Three Conservative Commentators Breaking Out of Conventional Wisdom
3/16/2016—What America needs is candor from its political class. It’s getting that and more from Charles Krauthammer, Ross Douthat and David Brooks. It’s more candor than you hear from anyone on the left.
David Brooks is the least surprising. He has always been a little unusual. He wrote a column last week in which he insisted that the Republican Party not turn to Ted Cruz in order to stop Donald Trump. It’s Not Too Late on March 8, 2016. The point of this column was a real effort to reorient the Republican Party: “If the G.O.P. is going to survive as a decent and viable national party, it can’t cling to the fading orthodoxy Cruz represents. But it can’t shift to ugly Trumpian nationalism, either. It has to find a third alternative: limited but energetic use of government to expand mobility and widen openness and opportunity. That is what Kasich, Rubio, Paul Ryan and others are stumbling toward.” The strategy he recommended foundered in Florida.
Douthat also pointed to a brokered convention, but one with a much clearer notion of how that happens. He called on the Party elite to reject Trump at the Convention and live with the consequences. The Party Still Decides on March 12, 2016: “Denying [Trump] the nomination would indeed be an ugly exercise, one that would weaken or crush the party’s general election chances, and leave the G.O.P. with a long hard climb back up to unity and health.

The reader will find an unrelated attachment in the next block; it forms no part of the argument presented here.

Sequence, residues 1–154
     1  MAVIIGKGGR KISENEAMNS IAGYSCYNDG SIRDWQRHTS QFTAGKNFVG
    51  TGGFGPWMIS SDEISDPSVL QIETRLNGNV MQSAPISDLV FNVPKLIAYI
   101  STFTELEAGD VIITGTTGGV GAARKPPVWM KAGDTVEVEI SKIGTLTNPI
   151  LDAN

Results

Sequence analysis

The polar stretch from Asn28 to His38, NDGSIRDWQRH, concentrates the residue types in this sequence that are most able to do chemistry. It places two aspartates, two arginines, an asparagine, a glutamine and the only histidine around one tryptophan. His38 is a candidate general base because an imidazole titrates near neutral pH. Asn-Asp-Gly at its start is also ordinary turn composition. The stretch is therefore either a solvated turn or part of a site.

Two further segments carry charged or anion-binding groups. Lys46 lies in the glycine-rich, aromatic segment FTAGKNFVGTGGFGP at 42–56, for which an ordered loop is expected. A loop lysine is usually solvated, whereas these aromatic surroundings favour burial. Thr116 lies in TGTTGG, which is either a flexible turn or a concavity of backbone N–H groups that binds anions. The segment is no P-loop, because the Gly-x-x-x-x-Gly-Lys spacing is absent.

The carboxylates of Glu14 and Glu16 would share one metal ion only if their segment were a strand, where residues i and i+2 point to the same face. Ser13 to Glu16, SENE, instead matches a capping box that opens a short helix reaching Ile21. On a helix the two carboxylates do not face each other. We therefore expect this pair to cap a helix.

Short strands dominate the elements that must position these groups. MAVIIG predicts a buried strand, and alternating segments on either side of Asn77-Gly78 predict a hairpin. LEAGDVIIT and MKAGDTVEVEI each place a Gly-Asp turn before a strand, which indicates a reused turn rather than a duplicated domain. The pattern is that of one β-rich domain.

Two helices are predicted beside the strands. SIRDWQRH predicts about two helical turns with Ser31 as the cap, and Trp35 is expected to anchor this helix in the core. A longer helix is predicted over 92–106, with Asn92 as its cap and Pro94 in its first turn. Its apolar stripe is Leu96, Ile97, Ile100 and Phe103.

But if that exercise is painful, it’s also the correct path to choose. A man so transparently unfit for office should not be placed before the American people as a candidate for president under any kind of imprimatur save his own. And there is no point in even having a party apparatus, no point in all those chairmen and state conventions and delegate rosters, if they cannot be mobilized to prevent 35 percent of the Republican primary electorate from imposing a Trump nomination on the party.”
Then there is Krauthammer, who characterized Bernie Sanders’ description of his Judaism as an indictment of American Judaism. Bernie Sanders, on March 11. Sanders responded to a question about his Jewish identity by referring to the importance to him of the holocaust. Krauthammer was not criticizing him—“I credit him with sincerity and authenticity.” But he felt that victimhood could not be a proper basis for Judaism. For Krauthammer, rabbinic practice, which is the orthodox approach, and tikkun olam, prophetic repair of the world, are both valid as authentic Judaism. But not just the holocaust.
A very honest, very difficult column to write.
The political right had a much better week than you thought.